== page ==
A 2007 study by the AAA Foundation for traffic safety revealed traffic signals were problematic for pedestrians over age 65 because they changed too quickly, failing to allow them additional time to safely get across. There was also evidence that pedestrians don’t always understand the nuances of the traditional pedestrian signal countdown. That too affects their behavior and walking speed, which could in turn increase the risk of a crash.
In the recent case of Castro v. City of Thousand Oaks, the complaint involves an assertion the crosswalk signal was flawed, giving pedestrians the feeling they were safe when in fact they were not. The lawsuit was filed against the city for injuries. After a trial court granted summary judgment to the city, a California appellate court reversed, finding a genuine issue of material fact as to whether the intersection/crosswalk posed a substantial risk of injury to a pedestrian who is exercising due care.
According to court records, facts giving rise to the complaint occurred in May 2012. At that time, a woman was preparing to cross the street with two young children in her care. The woman pushed the pedestrian signal button to activate the pedestrian warning beacon before crossing. She saw a vehicle stop at the intersection, and then she proceeded to move across the street. She was pushing a stroller with one hand and was holding the hand of the other young child as she walked.
However, mid-intersection, a driver operating a van struck the trio, causing the woman and both children to fly into the air upon impact. They all sustained personal injuries as a result of the pedestrian accident.
The van driver denied seeing either the pedestrian beacon or the pedestrians themselves.
In the two years prior to the crash, there had been some safety improvements to the intersection, including “pedestrian ahead” warning signals and words written on the pavement. Original plans didn’t include a pedestrian warning beacon, but after the project was approved by city council, the city engineer authorized the traffic engineering manager to buy and install one.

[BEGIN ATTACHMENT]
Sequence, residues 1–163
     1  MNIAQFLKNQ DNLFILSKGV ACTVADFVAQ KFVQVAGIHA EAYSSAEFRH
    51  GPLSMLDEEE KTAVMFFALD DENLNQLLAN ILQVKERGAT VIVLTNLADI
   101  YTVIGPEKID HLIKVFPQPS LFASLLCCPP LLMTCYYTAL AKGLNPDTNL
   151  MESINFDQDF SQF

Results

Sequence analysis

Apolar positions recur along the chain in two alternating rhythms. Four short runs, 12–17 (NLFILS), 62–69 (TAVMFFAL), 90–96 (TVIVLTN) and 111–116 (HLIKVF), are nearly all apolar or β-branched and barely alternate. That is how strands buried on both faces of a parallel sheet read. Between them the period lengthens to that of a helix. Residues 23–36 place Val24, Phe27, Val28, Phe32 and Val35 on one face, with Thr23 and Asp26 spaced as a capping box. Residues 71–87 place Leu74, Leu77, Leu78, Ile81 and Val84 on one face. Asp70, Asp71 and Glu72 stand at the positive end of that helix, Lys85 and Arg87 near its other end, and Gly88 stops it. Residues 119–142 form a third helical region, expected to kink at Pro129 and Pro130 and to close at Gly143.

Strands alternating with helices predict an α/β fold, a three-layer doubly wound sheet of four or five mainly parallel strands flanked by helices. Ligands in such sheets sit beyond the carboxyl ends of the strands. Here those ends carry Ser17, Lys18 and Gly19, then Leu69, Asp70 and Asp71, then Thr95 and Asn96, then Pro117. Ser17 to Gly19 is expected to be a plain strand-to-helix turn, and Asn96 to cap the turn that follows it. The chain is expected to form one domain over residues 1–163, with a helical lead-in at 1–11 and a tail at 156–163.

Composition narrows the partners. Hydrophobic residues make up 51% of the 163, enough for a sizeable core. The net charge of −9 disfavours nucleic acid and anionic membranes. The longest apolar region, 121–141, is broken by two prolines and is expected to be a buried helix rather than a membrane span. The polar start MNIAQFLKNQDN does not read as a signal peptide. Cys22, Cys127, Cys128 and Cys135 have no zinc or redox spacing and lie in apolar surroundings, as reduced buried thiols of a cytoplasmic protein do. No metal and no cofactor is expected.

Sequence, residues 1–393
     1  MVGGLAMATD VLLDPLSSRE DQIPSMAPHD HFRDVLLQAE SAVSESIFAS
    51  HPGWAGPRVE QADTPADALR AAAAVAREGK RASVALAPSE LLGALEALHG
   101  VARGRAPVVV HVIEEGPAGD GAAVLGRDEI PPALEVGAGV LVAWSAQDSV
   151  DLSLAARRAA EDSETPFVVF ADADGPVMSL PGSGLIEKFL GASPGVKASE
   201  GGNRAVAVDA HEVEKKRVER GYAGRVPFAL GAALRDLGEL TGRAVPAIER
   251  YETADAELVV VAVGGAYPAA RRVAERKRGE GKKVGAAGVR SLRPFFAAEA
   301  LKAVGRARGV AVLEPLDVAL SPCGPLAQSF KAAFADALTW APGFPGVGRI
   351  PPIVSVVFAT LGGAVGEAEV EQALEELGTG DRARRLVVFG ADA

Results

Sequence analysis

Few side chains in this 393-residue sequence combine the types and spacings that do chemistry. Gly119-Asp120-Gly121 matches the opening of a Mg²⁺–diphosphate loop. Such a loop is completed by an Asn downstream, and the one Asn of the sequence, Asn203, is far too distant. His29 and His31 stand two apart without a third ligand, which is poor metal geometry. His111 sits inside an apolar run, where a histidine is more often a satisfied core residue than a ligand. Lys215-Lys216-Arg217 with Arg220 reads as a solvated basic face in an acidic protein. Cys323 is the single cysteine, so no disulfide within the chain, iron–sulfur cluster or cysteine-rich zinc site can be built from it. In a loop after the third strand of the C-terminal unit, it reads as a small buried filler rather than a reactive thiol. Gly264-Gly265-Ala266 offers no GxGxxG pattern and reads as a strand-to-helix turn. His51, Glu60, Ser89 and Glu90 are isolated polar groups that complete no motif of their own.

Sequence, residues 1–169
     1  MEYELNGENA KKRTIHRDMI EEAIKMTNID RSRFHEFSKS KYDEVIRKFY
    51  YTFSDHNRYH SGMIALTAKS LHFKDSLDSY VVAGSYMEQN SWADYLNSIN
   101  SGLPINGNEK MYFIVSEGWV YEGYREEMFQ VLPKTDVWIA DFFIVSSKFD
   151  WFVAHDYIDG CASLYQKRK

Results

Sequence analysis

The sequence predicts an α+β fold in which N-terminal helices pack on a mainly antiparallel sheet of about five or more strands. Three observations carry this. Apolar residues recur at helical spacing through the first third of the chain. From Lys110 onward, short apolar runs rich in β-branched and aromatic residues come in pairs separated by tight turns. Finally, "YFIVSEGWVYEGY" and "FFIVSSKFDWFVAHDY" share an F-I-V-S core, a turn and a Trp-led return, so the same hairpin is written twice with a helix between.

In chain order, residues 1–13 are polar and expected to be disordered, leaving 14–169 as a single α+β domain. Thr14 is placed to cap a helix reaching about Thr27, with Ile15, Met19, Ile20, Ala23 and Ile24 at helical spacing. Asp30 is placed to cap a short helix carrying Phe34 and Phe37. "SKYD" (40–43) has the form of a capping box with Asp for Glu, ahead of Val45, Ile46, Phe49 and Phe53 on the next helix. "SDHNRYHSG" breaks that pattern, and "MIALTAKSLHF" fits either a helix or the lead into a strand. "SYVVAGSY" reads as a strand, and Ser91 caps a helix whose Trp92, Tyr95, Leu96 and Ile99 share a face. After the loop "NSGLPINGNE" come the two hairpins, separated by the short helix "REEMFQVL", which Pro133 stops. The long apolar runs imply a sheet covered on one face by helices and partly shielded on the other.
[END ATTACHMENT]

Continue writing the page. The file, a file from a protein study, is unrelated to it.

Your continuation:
Plaintiffs in this case would later argue the intersection and crosswalk created a dangerous condition because there was a high volume of both vehicular and pedestrian traffic, obscured crosswalk sign, numerous visual distractions and less-than-optimal warnings.
City argued first, the action was barred by design immunity, and second, it would defy logic to make the city liable for adding additional safety features.
Trial court issued a summary judgment in favor of city, but the California Court of Appeals, Second Appellate District, Division Six, reversed.
The court ruled the city engineer’s authority to buy and install traffic control devices doesn’t establish design immunity or discretionary authority. Further, the city tried to assert it the city engineer and traffic manager had discretionary authority to install these signs, and provided as the only legal basis for this argument the city code. This would have erased many years of court precedent.
Appeals court noted it was appreciative of the fact city was trying to add a safety feature that would help prevent accidents. However, a design isn’t discretionary simply because an engineer approved his or her own safety idea.
What’s more, there were triable issues of material fact that indicated the crosswalk was dangerous.
Although the appeals court stopped short of deciding the case in plaintiff’s favor, it did find plaintiff had grounds to have the case heard by a jury.
Call Freeman Injury Law — 1-800-561-7777 for a free appointment to discuss your rights. Now serving Orlando, West Palm Beach, Port St. Lucie and Fort Lauderdale.
Castro v. City of Thousand Oaks, Aug. 31, 2015, California Court of Appeals, Second Appellate District, Division Six
More Blog Entries:
Second Trucking Accident Lawsuit Filed as Driver Named a Fugitive, Aug. 12, 2015, Orlando Pedestrian Accident Attorney Blog